Keeping an Eye on the Prize

 

Given the form of the ripples, I suspect this juvenile Snowy Egret (Egretta thula) had its eyes on a crab rather than a fish.

Its yellow feet, sometimes called ‘yellow slippers,’ make these birds unmistakable as adults, but it can be easy to confuse young Snowy Egrets with juvenile Little Blue Herons. In this case, the lime green leg color, the black bands on the front of the legs, and the crouched foraging posture helped to confirm its identity.

Although I watched and waited for nearly ten minutes, the strike I anticipated never came: the prey continued to swim, and the bird continued to watch. If patience be a virtue, this is a very virtuous bird.

 

Comments always are welcome. Click on any photo for greater size and detail.

Snowy Flurries

For some, changing colors on trees or shrubs provide a first hint of the coming fall. Here on the upper Texas coast, autumn arrives differently, flying in on the wings of migrating birds.

Teal arrive first, followed closely by peripatetic mallards. Last week, the calls of returning osprey began echoing across Galveston Bay. Yesterday I realized the swallows had flown away, but their space soon will be filled by an assortment of geese, raptors, and cranes.

A snowy egret (Egretta thula) shows off its ‘golden slippers’ as it prepares to land

While snowy egrets stay with us throughout the year, their numbers increase in the fall as birds return to their favored coastal marshes, inland mudflats, agricultural land, and drainage ditches.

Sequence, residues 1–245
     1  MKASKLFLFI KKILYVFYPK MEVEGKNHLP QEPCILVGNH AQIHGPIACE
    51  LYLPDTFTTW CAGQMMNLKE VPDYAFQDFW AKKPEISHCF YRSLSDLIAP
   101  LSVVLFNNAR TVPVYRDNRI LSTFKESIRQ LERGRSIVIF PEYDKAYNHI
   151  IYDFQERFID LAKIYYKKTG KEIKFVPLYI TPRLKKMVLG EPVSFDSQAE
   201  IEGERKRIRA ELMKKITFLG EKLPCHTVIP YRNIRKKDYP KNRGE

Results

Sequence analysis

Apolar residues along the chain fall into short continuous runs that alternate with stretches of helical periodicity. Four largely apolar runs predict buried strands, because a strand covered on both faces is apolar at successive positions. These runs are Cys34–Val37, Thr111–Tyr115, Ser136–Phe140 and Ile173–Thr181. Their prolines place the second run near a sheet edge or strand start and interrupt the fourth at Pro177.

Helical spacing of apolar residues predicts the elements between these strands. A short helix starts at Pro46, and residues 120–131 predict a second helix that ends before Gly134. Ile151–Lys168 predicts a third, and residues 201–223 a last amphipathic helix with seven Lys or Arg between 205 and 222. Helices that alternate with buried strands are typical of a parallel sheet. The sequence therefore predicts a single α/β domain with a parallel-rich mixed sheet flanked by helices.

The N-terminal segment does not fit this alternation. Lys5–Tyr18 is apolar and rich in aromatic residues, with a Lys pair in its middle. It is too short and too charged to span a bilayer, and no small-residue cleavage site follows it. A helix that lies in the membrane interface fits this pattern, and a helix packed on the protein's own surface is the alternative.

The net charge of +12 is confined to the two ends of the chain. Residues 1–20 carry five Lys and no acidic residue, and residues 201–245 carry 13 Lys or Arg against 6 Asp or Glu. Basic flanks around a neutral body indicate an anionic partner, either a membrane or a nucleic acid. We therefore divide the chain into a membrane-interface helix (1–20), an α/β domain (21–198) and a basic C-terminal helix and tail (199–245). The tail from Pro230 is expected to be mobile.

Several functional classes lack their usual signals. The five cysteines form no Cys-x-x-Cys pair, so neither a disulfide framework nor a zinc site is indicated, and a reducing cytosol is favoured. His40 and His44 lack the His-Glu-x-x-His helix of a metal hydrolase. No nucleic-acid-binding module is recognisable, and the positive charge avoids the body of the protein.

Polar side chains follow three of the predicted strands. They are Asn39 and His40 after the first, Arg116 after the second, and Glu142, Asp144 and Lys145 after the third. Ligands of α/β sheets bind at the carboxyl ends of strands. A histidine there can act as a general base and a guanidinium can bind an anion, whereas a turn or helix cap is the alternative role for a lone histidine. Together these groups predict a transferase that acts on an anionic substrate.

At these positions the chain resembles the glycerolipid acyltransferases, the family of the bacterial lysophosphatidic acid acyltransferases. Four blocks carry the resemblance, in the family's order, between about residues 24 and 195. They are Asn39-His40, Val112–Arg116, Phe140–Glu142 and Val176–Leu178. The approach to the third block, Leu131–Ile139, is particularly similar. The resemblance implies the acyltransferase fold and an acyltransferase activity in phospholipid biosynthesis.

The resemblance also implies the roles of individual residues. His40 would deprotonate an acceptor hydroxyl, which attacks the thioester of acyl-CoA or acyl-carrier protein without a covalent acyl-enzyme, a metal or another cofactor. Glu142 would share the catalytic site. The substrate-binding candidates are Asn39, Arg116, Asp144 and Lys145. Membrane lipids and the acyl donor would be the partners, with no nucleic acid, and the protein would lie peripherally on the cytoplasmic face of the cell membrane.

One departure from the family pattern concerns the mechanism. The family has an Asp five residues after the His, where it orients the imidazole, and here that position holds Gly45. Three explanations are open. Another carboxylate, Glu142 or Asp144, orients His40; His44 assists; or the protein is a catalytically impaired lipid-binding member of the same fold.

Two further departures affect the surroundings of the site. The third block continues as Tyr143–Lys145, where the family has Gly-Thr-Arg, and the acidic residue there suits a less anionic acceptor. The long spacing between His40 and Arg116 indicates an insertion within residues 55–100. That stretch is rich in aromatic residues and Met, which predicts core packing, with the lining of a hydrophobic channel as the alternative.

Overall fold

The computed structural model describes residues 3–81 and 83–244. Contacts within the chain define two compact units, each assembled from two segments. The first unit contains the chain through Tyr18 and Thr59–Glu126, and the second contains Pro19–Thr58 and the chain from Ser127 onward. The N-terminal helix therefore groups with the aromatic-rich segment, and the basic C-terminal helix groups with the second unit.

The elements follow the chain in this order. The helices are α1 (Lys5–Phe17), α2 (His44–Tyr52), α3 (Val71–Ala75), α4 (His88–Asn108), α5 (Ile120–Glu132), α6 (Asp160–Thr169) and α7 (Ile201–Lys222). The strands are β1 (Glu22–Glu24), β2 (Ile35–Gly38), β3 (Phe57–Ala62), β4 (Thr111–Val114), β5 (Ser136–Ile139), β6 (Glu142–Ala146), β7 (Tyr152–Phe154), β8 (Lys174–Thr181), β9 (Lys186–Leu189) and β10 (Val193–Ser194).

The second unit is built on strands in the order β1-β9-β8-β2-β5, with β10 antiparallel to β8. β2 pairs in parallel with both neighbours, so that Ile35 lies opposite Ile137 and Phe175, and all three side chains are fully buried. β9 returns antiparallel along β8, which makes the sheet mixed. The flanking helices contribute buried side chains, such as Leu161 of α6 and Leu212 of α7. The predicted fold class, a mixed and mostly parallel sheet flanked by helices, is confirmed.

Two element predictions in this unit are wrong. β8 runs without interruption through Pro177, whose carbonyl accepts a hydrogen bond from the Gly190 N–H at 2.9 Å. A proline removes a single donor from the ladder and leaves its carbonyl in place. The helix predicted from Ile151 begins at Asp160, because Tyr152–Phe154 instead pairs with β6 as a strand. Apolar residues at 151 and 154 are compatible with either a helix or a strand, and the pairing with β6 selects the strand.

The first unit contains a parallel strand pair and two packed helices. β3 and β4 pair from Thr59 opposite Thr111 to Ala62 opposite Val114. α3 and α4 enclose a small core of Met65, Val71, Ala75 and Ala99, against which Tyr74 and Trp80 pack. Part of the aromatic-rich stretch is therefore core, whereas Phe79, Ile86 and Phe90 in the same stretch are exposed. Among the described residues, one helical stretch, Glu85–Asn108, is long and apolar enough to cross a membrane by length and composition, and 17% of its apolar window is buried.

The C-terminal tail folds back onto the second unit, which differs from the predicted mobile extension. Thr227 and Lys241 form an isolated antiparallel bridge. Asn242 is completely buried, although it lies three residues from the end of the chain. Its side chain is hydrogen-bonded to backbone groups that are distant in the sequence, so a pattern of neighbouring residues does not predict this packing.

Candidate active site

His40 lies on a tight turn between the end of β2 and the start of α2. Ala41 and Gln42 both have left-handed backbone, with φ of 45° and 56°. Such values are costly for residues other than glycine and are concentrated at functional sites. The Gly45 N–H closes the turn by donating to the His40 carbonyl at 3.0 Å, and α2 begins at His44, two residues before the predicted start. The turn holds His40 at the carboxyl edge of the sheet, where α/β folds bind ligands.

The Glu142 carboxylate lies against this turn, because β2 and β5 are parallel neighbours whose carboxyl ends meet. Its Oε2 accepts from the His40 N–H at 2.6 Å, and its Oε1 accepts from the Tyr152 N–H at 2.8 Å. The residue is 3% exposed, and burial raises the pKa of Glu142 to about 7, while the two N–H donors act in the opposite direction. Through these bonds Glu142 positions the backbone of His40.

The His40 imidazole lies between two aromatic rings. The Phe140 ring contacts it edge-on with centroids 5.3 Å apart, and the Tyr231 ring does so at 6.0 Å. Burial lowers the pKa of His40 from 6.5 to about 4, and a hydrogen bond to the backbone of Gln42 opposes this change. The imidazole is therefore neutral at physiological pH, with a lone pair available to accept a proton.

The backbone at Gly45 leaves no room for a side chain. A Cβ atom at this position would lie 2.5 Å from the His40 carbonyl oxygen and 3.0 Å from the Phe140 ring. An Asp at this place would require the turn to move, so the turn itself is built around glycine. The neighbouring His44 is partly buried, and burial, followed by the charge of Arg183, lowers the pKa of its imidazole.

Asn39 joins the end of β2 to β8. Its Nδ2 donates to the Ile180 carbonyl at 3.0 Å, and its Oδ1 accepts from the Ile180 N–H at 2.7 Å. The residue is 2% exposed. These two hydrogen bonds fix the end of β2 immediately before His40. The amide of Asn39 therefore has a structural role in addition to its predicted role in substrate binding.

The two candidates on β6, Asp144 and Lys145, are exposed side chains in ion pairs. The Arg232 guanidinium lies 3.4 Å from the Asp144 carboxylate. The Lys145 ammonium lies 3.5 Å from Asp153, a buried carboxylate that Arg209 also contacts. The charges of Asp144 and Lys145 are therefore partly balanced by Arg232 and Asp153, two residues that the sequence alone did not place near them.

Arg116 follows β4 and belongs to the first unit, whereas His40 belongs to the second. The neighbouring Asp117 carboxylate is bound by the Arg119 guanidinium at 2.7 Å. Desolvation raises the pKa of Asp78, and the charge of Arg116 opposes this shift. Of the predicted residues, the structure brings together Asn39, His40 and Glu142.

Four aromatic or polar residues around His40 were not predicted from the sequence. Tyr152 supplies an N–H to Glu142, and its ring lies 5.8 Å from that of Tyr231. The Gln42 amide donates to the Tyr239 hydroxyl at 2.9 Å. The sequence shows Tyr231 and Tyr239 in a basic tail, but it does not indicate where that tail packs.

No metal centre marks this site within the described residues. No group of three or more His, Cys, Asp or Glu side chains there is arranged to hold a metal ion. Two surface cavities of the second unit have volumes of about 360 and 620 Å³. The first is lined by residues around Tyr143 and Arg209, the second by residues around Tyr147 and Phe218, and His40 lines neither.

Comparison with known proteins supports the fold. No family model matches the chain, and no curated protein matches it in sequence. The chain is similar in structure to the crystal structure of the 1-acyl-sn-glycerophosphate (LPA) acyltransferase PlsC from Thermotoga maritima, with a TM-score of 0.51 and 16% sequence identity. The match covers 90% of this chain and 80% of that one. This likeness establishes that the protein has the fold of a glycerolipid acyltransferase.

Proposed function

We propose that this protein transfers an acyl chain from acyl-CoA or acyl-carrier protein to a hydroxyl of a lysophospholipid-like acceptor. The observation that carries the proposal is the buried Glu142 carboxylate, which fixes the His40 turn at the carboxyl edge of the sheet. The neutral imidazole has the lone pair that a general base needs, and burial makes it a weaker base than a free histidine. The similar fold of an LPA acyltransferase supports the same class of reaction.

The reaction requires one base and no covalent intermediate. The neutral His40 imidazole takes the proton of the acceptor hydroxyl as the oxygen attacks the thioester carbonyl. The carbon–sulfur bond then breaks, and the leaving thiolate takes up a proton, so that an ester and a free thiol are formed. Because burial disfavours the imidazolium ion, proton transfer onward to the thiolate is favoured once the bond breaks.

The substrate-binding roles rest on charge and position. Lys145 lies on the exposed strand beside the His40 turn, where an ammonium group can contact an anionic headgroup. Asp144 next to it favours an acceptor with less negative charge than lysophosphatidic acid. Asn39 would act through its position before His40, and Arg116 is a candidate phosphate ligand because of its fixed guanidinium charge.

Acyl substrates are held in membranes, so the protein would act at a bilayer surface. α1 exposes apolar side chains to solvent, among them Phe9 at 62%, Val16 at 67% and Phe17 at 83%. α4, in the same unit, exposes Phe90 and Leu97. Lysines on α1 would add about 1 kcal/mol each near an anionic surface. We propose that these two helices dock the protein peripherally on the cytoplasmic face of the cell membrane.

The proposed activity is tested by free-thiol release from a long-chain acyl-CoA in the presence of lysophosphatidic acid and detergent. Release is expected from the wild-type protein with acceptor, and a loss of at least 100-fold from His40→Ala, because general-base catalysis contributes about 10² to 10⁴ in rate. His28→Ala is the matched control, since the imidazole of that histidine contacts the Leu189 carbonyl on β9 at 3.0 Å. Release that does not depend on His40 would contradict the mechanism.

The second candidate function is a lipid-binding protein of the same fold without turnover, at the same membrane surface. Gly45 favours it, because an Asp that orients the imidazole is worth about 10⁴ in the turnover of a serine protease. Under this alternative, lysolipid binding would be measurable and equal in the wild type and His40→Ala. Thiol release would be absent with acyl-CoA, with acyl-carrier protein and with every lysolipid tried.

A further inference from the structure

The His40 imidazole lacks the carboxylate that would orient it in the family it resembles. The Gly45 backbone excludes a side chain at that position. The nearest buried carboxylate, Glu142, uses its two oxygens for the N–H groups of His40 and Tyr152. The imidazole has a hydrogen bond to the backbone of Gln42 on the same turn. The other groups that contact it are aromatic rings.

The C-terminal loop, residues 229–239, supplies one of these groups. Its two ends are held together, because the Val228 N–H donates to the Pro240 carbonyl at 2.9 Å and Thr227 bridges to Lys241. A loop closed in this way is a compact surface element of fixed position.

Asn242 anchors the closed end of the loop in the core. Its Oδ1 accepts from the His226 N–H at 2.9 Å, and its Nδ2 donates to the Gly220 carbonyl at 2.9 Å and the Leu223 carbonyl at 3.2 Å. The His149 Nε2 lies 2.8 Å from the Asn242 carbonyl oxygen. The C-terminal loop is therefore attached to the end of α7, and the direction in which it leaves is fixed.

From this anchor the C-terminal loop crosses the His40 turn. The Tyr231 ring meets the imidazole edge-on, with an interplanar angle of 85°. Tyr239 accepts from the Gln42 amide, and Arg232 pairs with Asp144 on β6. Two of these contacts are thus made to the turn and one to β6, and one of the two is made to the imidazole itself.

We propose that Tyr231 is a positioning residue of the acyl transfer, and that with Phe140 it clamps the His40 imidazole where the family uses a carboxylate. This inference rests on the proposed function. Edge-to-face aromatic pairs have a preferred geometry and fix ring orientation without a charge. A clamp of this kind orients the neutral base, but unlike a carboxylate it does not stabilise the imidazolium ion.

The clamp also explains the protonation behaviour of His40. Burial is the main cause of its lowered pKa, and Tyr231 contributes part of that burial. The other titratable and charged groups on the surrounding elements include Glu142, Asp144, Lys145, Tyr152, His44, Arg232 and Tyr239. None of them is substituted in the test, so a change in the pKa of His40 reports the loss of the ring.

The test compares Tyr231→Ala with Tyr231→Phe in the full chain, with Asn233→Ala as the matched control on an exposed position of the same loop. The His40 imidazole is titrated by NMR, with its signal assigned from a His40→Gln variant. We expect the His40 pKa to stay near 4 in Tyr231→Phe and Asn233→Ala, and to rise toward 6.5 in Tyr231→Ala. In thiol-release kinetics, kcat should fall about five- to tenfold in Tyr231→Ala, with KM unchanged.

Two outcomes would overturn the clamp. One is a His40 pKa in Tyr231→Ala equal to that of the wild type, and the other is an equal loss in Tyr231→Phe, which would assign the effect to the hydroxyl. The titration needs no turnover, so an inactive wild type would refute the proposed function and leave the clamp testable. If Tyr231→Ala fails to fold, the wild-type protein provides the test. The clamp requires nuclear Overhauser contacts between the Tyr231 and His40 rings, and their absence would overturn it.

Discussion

Like the proverbial birds of a feather, they roost and nest together; last weekend I found a large flock hidden away along a canal in the Brazoria Wildlife Refuge.

Touching down

Sometimes referred to as ‘Golden Slippers’ because of their yellow feet, egrets also have yellow lores (the area between their bill and their eyes), which change to a deeper salmon or pinkish-orange during the breeding season.

Showing off, perhaps?

In the late 1800’s and early 1900’s, their plumes sold for nearly twice the cost of gold, and were used to decorate women’s hats. Inevitably, they were hunted nearly to extinction, but after the passage of laws meant to protect them, their numbers increased. Today, they’re a common sight: their golden slippers worth as much as any gold, and their developing plumes a hint of courtships to come.

 

Comments always are welcome. Click any image for a larger, more detailed view.